What is sugar?

Sugar is a sweetener that provides calories and is added to food and drinks to give them a sweet taste as well as texture, body and bulk. It is also sometimes called a caloric sweetener.

Sugar is a simple carbohydrate that your body uses for fuel. It has no other nutritional value.

What is the difference between “naturally occurring sugar” and “added sugar”?

Naturally occurring sugar is the sugar found in whole, unprocessed foods, such as milk, fruit, vegetables and some grains. The most common natural sugars are fructose, which is found in fruit, and lactose, which is found in milk products.

Added sugar is the sugar added to processed food and drinks while they are being made, as well as sugar you may add to your food at home. Food manufacturers may add both natural sugars (such as fructose) and processed sugars (such as high-fructose corn syrup) to processed food and drinks.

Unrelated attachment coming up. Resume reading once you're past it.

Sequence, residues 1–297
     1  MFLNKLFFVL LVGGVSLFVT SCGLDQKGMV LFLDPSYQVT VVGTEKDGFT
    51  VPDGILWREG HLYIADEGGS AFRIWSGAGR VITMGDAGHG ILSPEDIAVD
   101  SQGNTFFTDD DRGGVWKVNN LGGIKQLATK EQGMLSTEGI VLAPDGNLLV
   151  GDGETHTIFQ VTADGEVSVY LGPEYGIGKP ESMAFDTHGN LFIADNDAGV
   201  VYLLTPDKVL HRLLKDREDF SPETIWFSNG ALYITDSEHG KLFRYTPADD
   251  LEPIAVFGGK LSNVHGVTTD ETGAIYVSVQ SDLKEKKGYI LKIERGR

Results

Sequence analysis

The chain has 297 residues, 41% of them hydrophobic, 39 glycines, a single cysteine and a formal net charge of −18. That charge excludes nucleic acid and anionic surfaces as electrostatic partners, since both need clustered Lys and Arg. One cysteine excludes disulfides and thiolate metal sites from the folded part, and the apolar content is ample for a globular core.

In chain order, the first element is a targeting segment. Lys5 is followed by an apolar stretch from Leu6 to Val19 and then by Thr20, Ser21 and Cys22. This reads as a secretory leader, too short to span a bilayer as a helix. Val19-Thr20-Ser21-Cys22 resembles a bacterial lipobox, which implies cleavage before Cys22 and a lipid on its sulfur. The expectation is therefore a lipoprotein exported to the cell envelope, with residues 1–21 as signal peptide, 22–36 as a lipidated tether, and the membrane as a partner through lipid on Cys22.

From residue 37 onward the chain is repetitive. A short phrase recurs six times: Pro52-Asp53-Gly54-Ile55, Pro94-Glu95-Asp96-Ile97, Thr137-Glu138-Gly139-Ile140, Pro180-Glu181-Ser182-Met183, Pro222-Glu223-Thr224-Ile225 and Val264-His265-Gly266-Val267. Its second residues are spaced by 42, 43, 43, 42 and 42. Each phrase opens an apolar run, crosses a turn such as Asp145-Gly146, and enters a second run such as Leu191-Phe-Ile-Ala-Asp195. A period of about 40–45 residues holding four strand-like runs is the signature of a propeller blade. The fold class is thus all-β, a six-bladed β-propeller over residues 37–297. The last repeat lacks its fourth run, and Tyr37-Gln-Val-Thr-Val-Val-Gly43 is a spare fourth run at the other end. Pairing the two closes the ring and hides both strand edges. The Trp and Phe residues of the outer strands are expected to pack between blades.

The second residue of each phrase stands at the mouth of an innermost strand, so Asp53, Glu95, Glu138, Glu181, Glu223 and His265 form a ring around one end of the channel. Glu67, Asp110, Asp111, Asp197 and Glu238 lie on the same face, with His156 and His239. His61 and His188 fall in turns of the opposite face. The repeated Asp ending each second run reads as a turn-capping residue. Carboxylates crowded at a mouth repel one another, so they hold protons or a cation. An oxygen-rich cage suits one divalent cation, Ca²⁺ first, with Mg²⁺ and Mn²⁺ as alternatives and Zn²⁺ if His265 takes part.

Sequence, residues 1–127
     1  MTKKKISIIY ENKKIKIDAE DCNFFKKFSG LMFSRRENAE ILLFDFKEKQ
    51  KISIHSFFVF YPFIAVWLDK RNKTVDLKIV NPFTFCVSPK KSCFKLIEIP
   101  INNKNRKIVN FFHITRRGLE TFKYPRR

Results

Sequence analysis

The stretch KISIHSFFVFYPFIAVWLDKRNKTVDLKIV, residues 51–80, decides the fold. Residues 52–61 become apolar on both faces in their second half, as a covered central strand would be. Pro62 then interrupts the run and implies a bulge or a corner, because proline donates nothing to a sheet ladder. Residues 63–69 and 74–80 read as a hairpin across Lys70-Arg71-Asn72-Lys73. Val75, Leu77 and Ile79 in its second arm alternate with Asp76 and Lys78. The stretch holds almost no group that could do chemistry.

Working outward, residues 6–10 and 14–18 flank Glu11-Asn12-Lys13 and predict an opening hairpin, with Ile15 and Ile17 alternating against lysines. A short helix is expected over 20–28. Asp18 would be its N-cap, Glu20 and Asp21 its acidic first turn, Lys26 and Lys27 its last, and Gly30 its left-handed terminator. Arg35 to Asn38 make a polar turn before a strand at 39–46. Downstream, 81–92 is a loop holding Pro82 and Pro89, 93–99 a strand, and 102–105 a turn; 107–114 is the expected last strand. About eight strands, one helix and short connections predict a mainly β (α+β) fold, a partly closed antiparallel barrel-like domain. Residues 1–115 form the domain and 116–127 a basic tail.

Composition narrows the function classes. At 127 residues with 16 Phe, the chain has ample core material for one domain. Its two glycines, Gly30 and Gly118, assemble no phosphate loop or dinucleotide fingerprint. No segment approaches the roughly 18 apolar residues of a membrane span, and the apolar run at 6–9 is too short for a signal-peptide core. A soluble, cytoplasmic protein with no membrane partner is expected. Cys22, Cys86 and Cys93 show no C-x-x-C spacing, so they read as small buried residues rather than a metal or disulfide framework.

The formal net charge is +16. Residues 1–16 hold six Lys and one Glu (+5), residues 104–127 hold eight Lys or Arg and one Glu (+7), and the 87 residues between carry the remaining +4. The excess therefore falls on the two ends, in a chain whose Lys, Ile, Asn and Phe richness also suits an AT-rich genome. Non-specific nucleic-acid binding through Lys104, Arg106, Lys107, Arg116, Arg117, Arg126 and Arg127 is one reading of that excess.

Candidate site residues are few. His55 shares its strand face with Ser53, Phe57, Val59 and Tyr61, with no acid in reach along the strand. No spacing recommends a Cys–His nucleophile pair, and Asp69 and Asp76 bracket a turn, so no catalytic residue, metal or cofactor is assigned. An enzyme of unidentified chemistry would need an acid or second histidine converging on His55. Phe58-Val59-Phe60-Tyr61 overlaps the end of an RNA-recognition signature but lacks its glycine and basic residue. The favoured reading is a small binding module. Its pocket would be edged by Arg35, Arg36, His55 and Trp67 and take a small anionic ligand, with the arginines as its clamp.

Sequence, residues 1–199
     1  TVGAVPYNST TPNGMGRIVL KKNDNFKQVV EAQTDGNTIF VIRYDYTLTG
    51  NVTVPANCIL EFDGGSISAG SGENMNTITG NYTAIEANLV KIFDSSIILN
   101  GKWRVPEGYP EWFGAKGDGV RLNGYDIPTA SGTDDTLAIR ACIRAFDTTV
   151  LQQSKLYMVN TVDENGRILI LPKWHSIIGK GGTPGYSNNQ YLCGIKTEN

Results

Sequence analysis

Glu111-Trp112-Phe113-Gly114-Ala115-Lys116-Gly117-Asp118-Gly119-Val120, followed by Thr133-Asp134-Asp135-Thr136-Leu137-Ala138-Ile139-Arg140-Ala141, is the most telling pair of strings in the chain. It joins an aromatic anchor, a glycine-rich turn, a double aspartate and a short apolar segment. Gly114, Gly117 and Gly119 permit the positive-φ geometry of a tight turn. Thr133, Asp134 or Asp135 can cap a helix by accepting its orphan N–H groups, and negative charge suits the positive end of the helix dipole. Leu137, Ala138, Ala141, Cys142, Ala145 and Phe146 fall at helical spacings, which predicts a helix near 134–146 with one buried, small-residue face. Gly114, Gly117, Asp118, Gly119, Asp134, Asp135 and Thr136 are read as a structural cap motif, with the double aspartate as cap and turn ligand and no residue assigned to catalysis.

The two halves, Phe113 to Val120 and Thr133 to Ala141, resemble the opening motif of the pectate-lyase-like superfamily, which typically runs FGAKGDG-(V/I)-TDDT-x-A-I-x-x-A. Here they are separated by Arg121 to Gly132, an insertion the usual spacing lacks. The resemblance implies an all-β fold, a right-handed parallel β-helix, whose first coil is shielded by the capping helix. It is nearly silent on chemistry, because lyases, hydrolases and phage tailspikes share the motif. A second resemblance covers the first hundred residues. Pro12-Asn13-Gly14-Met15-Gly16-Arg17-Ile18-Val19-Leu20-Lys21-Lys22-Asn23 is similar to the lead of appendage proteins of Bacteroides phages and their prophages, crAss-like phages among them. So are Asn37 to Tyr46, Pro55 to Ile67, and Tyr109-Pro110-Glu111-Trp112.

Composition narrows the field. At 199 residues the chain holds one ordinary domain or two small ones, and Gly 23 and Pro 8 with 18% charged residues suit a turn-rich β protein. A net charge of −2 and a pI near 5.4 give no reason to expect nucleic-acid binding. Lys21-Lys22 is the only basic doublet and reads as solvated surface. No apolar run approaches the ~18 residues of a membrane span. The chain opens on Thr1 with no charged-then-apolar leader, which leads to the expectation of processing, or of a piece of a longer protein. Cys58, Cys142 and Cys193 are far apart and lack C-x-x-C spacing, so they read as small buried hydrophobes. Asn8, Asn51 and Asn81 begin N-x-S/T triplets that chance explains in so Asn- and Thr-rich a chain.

Why is sugar added to food and drinks?

While added sugar provides no nutritional value, it does serve many uses in food processing. Added sugar can:

  • Serve as a preservative for jellies and jams
  • Provide bulk to ice creams
  • Assist in fermentation of breads and alcohol
  • Maintain the freshness of baked goods

Sugar is also added to processed food and drinks because it makes them taste more appealing.

Why is it important to limit added sugar in my diet?

There are serious health consequences to consuming added sugar. Too much added sugar in your diet can contribute to tooth decay, obesity, difficulty controlling type 2 diabetes, higher triglyceride levels, lower high-density lipoprotein (HDL, also called “good”) cholesterol levels, and heart disease.